Once you started working on the ships, was the experience what you expected?
A lot of the shows take snippets from Broadway—so there is acting, dancing, and singing involved. Because it was natural for me to sing, I ended up keeping my job. Once we got on the ship, all the people that gave me problems during the rehearsals had to reevaluate, because I was getting all the response. Because once I know what's required, my performance acumen kicks in. I'm not a dancer. If it takes a dancer five minutes to learn something, it takes me five hours. But once I get it, I will look just as good as any dancer, if not better. I can perform it and stylize it.
Which cruise lines have you worked on?
I started with Costa. They mostly did the Caribbean. Then, I went on to Carnival, who gave me a chance at being a headliner on all of their ships after a few years. Then, I went on to Celebrity,
What are some of the things you've learned from your performing experiences on the various cruise lines?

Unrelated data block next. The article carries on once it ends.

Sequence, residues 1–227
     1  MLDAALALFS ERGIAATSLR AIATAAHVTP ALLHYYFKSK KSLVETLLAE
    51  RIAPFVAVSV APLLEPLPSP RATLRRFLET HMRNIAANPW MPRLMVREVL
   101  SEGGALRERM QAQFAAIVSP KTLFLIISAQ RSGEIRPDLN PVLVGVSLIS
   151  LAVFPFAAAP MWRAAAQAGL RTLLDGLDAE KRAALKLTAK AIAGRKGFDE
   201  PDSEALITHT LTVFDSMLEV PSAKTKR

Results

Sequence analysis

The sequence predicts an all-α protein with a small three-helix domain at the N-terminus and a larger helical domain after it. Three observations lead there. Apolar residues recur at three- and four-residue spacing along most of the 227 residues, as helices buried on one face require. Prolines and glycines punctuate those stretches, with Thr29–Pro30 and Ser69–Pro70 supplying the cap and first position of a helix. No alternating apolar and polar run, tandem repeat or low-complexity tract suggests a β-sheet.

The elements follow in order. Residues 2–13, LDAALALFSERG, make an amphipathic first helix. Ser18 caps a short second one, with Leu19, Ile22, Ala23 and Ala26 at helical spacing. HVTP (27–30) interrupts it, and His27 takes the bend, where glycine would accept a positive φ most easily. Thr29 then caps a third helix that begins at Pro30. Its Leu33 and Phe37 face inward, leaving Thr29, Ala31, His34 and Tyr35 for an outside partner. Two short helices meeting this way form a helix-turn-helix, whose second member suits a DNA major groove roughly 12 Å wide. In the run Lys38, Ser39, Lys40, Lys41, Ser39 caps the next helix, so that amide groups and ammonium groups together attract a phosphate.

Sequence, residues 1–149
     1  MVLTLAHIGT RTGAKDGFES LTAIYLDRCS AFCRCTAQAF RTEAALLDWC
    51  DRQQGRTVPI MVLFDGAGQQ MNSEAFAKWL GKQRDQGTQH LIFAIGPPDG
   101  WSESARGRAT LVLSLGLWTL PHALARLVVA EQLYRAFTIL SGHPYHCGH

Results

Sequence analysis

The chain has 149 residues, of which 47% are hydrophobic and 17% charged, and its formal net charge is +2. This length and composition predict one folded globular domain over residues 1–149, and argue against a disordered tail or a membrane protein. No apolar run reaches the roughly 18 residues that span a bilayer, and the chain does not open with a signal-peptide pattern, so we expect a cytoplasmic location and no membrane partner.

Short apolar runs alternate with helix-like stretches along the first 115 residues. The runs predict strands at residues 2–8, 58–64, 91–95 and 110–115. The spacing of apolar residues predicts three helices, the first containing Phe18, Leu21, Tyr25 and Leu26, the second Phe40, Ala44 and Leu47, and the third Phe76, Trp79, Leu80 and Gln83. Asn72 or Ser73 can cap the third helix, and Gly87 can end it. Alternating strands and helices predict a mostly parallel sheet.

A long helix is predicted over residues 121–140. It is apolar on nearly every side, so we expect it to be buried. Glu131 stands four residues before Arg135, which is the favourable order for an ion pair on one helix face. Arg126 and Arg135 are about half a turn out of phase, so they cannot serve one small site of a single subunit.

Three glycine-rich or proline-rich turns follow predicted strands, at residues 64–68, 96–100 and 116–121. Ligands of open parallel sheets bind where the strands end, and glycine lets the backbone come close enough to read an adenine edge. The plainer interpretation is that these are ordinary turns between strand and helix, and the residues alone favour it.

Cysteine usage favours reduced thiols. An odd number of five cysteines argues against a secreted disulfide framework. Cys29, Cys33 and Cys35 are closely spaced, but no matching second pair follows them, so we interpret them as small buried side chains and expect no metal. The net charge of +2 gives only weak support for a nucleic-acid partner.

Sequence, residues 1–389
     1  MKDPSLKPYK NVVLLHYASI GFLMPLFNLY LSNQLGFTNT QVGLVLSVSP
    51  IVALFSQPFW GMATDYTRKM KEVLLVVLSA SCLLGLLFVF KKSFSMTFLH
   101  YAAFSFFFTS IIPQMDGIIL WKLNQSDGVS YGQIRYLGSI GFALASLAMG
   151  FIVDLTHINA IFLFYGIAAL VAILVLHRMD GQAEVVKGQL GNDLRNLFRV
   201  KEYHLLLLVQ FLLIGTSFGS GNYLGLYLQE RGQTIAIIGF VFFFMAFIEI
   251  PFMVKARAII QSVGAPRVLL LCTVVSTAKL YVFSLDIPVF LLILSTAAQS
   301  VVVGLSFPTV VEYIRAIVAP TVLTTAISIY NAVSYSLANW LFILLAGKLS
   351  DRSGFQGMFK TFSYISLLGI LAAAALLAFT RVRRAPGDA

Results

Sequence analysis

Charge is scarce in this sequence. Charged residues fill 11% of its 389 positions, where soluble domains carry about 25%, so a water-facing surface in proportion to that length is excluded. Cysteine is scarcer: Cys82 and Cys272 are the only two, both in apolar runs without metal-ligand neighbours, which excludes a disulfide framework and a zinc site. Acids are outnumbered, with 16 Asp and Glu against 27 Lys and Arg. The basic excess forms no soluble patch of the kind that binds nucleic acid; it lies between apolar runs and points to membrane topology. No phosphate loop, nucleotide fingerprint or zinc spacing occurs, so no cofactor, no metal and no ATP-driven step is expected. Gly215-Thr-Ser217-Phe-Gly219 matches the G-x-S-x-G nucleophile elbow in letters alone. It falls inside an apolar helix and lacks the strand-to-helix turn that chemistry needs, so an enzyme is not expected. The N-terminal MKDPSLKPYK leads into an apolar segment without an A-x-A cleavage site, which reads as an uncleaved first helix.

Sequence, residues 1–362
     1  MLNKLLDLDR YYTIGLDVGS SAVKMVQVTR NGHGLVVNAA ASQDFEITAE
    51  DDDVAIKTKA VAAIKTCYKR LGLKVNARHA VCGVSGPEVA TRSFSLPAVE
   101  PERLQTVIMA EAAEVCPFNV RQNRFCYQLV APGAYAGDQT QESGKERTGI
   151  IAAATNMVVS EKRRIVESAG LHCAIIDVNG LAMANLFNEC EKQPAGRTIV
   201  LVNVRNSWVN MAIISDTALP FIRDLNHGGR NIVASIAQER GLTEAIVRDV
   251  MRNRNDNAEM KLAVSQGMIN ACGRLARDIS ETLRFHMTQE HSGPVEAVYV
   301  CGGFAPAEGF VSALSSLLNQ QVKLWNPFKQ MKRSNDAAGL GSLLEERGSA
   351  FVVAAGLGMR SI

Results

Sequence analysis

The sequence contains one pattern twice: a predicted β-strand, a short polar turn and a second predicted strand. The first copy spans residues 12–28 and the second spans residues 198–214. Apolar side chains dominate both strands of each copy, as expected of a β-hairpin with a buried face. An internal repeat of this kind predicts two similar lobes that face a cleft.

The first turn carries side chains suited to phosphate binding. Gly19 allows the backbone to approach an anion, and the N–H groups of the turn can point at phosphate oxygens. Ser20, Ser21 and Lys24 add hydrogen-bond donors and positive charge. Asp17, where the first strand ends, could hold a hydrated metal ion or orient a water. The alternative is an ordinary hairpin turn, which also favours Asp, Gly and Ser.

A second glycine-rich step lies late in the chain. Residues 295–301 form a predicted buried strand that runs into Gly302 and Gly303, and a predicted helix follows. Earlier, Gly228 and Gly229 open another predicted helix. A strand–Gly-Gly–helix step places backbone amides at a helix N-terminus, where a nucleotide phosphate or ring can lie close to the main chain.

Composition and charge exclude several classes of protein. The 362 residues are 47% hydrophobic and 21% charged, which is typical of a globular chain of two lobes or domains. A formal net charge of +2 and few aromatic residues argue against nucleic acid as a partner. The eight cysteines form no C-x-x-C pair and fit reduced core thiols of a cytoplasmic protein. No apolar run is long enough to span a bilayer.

I found that your interpretation of the material is of such creative importance. I would befriend other singers in the cast and realize, if you just hit this note or move this or that to the other, you get so much more of a response. That eventually took me to signing on as a vocal captain. The shows were set with costuming, lighting, and choreography, but I was in charge of what things sounded like vocally. I've seen so many shows where the vocal attack is incorrect for the piece. I've seen some performers do R&B material where clearly, no one ever sat them down to say, "I hear you trying to do an Aretha song, but you should study the actual R&B." It's not just how you start the phrase; it's also how you end it. The timing of it. If you end the phrase wrong, it's not R&B. So many performers would just hold the note too long, because they thought it gave the song a soul element—when really, the best thing is to just nip it in the bud. That makes it more rhythmic.
I also have learned how very fragile the voice is. When I look back at my early years on the ships, I was constantly clearing my throat. I was playing the Phantom. It was a really clear vocal piece. I would struggle through it night after night, and I couldn't understand why. Come to find out years later, I had polyps on both sides of my vocal chords. I had the surgery, and it was like night and day.